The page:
Comparison of Ki67 counted by digital pathology image analysis software application and scores determined by pathologists
N. Niikura, N. Kumaki, S. Masuda, T. Xiaoyan, M. Miyazawa, T. Iwamoto, T. Okamura, Y. Saito and Y. Tokuda , Cancer Research , DOI: 10.1158/0008-5472.SABCS13-P3-05-11
Background: Immunohistochemical assessment of
the Ki67 has been described as a prognostic and predictive marker for
breast cancer. The international panel of experts recommends the
counting of as many as 500 or 1000 cancer cells including those in hot
spots, which in a routine clinical setting, will be time consuming for a
pathologist. Recently, a digital pathology image analysis software
application (DPIA) for measuring biomarkers within pre-defined regions
of interest was developed. However, the clinical efficacy of Ki67
counted by a DPIA has not been evaluated in a clinical setting. This
study was aimed at comparing Ki67 counted by DPIA without a pathologist
and Ki67 scores determined by a pathologist. In addition, the clinical
outcomes predicted by the Ki67 counted by the DPIA and scores determined
by pathologists were compared.
Patients and methods: Between January 1, 2005, and December 31, 2010, we retrospectively identified all patients listed in the pathology database of the Tokai University for whom IHC Ki67 data were available. Ki67 levels were classified by pathologists into score categories such as <10, 10, 20, 30, 40, 50, 60, 70, 80, 90, and >90 by observation under the high power magnification. For the estimation of Ki67 positive and negative cells, 3–5 areas with an average degree of Ki67 positive cell distribution were selected by observation under low power magnification. Immunohistochemically stained slides were scanned and converted to whole slide image data using Nano Zoomer 2.0-HT (Hamamatsu Photonics, Hamamatsu, Japan). We used Tissue Studio 3 (Definiens AG, Munich, Germany) as the DPIA, and Ki67-positive and Ki67-negative cells on each virtual slide, whole slide, and the most strongly positive area were counted. Ki67 levels were categorized as low and high if the Ki67 scores were ≤13.25% and >13.25%, respectively. To assess the relationship between Ki67 and survival outcomes, survival curves were calculated by the Kaplan–Meier method and were compared using the log-rank test.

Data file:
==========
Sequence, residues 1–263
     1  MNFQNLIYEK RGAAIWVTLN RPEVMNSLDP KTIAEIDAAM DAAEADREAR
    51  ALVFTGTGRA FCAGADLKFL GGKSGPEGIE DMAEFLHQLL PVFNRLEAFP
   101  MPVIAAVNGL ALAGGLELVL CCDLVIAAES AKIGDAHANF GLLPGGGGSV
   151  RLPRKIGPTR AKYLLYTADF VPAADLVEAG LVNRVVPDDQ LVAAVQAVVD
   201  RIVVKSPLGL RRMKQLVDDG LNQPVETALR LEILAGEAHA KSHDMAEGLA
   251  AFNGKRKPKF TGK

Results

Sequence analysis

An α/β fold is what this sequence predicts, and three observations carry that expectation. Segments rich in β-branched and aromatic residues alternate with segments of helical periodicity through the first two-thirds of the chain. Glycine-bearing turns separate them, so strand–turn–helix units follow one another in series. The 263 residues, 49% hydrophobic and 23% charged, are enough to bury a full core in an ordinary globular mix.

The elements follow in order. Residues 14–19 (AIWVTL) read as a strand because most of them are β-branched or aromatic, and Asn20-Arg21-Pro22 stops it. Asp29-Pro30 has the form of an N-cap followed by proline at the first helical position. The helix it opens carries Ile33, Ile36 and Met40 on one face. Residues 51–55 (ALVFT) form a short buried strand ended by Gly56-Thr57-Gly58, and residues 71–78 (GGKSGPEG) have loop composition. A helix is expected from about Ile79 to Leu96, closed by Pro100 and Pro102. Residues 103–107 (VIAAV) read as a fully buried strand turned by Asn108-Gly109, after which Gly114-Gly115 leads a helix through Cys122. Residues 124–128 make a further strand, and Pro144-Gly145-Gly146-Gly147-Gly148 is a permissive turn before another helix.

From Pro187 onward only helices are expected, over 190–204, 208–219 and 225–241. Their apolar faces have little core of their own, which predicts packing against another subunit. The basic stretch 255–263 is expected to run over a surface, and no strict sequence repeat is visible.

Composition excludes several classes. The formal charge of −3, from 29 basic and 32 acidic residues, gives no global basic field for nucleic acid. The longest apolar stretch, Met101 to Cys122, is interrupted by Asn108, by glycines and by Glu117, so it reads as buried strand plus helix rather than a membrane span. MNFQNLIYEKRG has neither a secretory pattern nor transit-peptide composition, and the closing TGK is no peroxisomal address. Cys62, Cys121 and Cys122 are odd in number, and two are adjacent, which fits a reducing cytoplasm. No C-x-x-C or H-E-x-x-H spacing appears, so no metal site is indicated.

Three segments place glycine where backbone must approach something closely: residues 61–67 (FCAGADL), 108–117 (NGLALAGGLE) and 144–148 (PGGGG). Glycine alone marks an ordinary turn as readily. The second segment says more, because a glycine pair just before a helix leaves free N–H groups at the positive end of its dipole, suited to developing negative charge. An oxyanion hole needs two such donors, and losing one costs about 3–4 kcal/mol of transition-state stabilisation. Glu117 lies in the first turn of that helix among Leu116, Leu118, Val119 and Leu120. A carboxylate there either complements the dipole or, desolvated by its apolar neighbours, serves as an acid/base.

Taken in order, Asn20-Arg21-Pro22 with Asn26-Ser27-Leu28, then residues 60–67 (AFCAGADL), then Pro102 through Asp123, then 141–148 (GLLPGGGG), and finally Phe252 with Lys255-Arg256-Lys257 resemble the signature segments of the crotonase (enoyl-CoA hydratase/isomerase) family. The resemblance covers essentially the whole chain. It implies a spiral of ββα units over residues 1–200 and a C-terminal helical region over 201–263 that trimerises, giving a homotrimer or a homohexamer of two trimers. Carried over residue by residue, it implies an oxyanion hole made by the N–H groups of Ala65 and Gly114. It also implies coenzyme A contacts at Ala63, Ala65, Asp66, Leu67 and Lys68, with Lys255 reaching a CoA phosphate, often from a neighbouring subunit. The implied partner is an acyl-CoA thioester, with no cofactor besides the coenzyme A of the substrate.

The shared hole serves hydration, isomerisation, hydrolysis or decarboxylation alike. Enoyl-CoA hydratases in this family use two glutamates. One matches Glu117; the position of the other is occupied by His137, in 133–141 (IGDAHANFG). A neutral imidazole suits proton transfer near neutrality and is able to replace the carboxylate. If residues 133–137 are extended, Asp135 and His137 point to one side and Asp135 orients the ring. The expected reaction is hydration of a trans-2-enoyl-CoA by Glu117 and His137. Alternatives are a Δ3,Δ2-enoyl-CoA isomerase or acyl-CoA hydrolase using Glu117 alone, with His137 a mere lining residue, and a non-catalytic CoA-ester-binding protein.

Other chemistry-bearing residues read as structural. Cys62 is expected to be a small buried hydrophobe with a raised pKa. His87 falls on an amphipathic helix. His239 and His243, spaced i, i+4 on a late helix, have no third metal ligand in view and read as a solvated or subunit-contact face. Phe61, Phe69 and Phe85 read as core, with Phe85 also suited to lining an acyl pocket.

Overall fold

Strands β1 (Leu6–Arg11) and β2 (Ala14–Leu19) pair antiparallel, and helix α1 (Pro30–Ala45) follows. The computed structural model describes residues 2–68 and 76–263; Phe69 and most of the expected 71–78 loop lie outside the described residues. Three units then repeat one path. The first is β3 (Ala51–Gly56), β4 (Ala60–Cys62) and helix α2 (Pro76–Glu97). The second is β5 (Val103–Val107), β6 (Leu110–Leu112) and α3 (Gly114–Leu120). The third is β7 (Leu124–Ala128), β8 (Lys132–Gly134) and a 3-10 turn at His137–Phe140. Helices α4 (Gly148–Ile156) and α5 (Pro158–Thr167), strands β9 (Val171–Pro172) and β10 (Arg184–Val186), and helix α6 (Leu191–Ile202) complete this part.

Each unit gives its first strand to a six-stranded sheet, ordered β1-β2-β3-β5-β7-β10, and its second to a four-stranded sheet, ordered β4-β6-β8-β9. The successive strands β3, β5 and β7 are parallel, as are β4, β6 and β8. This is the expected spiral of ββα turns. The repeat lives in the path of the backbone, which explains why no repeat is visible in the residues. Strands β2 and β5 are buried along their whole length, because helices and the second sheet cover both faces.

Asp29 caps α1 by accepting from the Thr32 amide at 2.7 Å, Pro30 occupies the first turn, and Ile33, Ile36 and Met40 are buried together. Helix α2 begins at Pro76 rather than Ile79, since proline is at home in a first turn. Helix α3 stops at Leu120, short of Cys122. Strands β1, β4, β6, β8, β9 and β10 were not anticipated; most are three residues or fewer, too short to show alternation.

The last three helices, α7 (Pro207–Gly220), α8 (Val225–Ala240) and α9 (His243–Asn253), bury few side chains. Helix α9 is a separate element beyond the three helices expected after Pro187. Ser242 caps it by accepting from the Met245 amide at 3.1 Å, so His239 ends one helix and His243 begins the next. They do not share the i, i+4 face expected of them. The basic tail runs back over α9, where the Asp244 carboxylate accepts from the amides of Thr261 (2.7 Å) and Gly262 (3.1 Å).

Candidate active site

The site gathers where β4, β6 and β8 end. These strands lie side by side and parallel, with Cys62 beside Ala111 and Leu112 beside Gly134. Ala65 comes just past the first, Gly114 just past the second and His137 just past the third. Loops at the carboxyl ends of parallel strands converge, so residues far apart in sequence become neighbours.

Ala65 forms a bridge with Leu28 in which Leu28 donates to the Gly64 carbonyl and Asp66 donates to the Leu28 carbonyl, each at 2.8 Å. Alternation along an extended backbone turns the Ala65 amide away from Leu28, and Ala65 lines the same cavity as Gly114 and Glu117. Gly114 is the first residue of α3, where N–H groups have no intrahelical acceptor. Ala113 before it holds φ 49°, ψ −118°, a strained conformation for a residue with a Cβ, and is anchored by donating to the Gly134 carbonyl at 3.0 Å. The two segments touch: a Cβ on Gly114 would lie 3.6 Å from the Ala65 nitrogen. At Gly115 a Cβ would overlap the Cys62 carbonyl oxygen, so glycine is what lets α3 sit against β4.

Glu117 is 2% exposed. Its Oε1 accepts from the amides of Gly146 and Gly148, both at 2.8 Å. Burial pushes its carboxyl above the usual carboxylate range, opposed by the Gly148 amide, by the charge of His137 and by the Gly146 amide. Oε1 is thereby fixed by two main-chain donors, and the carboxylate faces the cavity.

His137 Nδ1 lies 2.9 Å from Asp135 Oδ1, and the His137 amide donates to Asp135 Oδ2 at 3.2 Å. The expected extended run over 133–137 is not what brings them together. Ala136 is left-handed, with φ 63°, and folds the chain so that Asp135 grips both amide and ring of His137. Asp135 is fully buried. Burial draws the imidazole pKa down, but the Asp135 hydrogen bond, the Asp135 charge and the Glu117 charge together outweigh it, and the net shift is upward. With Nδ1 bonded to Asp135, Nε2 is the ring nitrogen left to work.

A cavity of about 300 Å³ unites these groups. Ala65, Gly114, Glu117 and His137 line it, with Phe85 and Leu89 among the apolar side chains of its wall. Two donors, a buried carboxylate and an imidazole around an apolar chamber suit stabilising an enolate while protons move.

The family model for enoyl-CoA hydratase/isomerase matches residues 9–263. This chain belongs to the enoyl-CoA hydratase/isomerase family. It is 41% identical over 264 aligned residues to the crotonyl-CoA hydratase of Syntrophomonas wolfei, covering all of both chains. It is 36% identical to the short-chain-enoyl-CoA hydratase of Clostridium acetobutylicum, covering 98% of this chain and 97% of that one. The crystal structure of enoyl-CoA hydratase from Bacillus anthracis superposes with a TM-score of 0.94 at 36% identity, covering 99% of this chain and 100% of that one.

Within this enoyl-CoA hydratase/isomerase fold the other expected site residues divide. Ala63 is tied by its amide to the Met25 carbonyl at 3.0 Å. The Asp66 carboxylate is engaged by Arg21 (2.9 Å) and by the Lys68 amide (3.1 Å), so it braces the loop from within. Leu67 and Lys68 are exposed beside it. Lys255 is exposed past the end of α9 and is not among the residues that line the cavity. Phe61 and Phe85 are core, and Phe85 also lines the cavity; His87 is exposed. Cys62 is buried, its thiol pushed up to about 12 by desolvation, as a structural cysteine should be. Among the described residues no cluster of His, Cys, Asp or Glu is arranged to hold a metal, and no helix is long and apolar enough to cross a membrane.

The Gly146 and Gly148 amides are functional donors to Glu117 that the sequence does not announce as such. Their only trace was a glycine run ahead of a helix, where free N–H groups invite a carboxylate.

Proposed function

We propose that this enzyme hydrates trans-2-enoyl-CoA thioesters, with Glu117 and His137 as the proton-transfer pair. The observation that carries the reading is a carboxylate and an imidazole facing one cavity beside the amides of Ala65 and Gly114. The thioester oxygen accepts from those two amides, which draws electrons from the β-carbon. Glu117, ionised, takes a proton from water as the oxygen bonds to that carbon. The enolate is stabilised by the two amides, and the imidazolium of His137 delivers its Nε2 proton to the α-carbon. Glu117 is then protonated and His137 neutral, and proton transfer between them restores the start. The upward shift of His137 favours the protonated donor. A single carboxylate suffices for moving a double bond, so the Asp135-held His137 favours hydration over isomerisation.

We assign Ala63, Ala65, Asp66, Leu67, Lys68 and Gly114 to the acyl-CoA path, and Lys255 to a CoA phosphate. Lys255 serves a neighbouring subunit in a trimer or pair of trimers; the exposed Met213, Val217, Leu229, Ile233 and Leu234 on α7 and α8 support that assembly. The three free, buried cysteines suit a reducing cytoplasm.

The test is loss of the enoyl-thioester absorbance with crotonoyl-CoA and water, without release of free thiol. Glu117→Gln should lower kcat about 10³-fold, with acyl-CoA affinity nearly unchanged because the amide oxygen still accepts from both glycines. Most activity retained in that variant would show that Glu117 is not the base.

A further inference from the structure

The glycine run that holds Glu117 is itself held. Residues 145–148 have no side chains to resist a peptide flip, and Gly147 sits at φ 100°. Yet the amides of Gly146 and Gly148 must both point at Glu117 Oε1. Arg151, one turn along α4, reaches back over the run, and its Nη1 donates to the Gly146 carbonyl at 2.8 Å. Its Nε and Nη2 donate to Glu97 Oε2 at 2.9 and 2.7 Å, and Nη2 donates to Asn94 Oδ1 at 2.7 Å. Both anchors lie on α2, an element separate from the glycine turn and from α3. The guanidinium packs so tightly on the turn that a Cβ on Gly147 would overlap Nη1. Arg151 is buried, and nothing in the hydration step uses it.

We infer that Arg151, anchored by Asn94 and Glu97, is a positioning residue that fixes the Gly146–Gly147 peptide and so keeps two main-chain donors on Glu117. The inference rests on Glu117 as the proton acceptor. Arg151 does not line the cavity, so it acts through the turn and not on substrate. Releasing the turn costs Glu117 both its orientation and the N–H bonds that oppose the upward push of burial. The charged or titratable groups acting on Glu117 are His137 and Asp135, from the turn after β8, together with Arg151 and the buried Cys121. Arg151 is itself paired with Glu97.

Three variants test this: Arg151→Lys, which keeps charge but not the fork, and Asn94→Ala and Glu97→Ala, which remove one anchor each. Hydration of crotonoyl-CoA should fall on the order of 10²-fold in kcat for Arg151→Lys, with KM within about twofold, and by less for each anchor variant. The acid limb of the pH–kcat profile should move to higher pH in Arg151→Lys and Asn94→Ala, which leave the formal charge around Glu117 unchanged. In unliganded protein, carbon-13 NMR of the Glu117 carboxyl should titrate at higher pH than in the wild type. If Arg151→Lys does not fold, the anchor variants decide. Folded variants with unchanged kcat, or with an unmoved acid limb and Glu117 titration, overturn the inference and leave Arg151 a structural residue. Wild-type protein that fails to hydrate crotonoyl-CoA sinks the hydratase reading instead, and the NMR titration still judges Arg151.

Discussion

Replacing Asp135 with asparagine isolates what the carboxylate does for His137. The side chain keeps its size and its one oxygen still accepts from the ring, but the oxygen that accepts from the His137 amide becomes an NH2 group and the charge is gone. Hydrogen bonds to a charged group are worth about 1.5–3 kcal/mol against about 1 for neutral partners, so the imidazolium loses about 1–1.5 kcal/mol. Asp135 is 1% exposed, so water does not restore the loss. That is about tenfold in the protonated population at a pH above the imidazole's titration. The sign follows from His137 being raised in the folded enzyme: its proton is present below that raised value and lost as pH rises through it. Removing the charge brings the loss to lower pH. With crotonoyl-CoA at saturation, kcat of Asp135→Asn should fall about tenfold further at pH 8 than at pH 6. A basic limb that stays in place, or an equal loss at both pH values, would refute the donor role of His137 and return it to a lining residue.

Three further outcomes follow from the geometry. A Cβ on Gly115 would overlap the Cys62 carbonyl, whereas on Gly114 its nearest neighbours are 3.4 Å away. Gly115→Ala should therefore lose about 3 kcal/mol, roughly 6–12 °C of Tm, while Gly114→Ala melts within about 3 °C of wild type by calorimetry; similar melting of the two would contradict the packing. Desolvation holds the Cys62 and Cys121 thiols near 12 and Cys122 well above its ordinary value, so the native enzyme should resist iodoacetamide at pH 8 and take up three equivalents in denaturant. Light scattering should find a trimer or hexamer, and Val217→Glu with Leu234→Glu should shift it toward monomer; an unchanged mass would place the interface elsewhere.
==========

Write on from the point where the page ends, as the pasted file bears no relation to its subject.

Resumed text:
Results: We identified 1902 slides with data that have virtual slide and counted Ki67 by DPIA and reported ki67 score by pathologist. Of the 1902 data, we identified 1003 slide with survival data. The 2 × 2 analysis revealed that Ki67 counted by DPIA and ki67 scored by the pathologists were moderately correlated for all cases (κ: 0.41 [95% CI: 0.360–0.448]; sensitivity: 0.573 [95% CI: 0.552–0.590]; specificity: 0.878 [95% CI: 0.845–0.906]). Among estrogen receptor (ER)-positive and stage I or II cases (n = 645), when Ki67 scores determined by pathologists were analyzed, patients with high Ki67 scores had poorer relapse-free survival (RFS) than those with low Ki67 scores (p < 0.001). When Ki67 counted by DPIA were analyzed, patients with high Ki67 had poorer RFS than those with low Ki67(p = 0.031).
Conclusions: The study results demonstrate that Ki67 counted by the DPIA determined without a pathologist and Ki67 scores determined by pathologists were moderately correlated and associated with survival in ER-positive cases. This indicates that Ki67 scores by the DPIA determined without a pathologist can be used for measuring Ki67 values. However, Ki67 scores determined by pathologists were better for predicting survival.